Signature Styleby Cindy Thomsen | Class Acts, Spring 2009 | No Comment | Print | Email
James Hoffman, MBA’83, has spent more than 25 years in the health care industry. Today he is Senior Vice President of Signature Hospital Corp., based in Houston.
In the course of his career, Hoffman has developed definite opinions about the state of health care and health care delivery.
“The dirty secret of health care is that we actually do have universal coverage,” Hoffman says. “It’s true that there are 40 million uninsured Americans, but they do get health care. If you show up at an emergency room with a life-threatening condition, that hospital—by law—will take care of you.
“But somebody will pay for it,” he adds.
Hoffman joined Signature, which owns three community hospitals, because of what it does differently from other companies.
“Every hospital will tell you that their goal is to deliver the highest quality patient care,” he says, “but I haven’t seen anyone actually document or measure that quality.” Signature Insights is the company’s proprietary software system that improves safety monitoring and reporting, which in turn improves the quality of health care that the patient receives.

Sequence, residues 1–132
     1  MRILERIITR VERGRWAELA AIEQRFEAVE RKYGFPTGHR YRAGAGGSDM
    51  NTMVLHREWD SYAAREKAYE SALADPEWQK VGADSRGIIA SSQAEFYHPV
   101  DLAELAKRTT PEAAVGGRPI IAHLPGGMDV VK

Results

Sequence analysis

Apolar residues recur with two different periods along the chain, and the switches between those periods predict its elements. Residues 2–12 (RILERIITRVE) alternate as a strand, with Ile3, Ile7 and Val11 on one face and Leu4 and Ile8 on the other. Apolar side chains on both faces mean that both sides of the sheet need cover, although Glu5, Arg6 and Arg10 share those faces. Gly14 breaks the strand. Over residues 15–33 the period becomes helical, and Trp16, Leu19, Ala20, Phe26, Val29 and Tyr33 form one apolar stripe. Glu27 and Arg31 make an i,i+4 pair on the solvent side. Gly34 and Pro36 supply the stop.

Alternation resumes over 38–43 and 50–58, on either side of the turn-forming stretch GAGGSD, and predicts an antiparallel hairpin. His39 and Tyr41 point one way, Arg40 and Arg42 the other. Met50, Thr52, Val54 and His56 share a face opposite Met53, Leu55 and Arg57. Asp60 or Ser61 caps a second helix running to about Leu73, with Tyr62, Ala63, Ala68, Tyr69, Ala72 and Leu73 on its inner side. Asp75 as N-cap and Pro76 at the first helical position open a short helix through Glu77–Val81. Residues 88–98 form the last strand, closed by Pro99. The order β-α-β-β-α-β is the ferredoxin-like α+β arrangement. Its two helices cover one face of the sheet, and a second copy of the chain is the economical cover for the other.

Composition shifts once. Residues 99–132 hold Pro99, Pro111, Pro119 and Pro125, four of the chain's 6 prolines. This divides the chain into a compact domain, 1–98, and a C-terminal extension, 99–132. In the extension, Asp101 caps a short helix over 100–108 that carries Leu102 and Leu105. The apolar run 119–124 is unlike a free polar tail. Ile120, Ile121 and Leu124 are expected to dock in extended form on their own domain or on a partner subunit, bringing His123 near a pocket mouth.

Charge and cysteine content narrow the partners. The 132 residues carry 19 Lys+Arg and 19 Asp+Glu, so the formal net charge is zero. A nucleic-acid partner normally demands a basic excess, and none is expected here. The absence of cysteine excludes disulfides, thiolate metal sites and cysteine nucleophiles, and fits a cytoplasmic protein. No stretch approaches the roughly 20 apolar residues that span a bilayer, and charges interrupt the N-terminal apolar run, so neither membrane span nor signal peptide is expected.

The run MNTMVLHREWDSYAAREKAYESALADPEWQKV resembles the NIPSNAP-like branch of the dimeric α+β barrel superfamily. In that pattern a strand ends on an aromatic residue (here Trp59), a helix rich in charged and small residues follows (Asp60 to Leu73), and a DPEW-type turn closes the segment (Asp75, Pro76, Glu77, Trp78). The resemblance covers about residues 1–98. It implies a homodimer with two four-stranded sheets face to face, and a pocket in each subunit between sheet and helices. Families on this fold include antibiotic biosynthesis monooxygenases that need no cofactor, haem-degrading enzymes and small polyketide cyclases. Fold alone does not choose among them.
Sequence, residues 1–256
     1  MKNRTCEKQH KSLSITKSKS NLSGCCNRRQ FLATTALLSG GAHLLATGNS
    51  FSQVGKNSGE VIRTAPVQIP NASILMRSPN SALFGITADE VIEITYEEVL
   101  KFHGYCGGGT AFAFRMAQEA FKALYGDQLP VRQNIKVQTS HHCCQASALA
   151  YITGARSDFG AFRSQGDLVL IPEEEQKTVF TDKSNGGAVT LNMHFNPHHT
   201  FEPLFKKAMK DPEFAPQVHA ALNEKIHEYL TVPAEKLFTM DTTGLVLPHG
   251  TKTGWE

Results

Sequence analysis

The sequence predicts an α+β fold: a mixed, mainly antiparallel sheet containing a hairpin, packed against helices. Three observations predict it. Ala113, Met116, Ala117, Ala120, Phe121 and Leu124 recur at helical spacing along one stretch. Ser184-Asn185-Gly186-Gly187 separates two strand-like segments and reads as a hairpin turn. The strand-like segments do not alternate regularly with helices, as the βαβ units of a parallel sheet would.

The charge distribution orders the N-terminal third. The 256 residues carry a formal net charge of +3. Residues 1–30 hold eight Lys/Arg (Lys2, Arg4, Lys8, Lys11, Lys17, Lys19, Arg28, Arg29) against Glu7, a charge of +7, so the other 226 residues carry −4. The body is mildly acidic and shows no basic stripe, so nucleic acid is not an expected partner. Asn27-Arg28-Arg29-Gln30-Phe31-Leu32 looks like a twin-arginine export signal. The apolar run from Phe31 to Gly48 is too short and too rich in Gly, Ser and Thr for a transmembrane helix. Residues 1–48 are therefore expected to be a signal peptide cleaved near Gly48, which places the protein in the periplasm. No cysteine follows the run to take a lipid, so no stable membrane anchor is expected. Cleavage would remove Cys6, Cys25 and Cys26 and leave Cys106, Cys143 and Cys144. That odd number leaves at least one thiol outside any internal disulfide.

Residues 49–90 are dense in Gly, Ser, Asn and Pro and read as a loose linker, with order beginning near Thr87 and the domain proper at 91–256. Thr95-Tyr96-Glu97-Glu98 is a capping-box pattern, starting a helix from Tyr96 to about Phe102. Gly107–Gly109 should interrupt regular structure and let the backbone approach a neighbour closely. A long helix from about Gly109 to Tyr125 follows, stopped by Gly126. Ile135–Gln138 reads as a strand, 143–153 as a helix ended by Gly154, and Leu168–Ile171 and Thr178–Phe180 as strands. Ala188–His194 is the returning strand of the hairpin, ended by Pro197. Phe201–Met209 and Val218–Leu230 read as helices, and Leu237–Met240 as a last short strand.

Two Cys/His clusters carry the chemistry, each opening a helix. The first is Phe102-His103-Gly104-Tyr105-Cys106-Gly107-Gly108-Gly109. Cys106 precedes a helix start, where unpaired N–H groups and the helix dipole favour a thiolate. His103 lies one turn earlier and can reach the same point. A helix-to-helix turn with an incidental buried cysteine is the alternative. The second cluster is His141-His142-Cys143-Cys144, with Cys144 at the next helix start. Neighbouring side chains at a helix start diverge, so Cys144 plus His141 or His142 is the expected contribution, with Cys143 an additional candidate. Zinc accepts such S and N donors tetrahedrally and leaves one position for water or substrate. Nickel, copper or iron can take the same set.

“In the past, hospital staffs have been reluctant to file reports when mistakes are made,” Hoffman says. “But we’ve learned that mistakes generally occur because the system is flawed—not the individual. We fix the system instead of penalizing the individual,” he adds.
Signature has also adopted “lean” processes modeled after Toyota. “It’s a common sense approach to increasing efficiency,” he says. “Today the average nurse only spends about 30 percent of his or her time with patients. We want to know about the other 70 percent.” By studying and actually diagramming nurses’ routines, Signature has increased efficiency. The same processes have been put to use in outpatient areas as well, helping patients by more efficient layouts and fewer forms to fill out.
Whether through innovative software or improved processes, Hoffman is helping Signature put a personal stamp on hospital care, and that’s encouraging news in an increasingly impersonal world.
photo credit: John Russell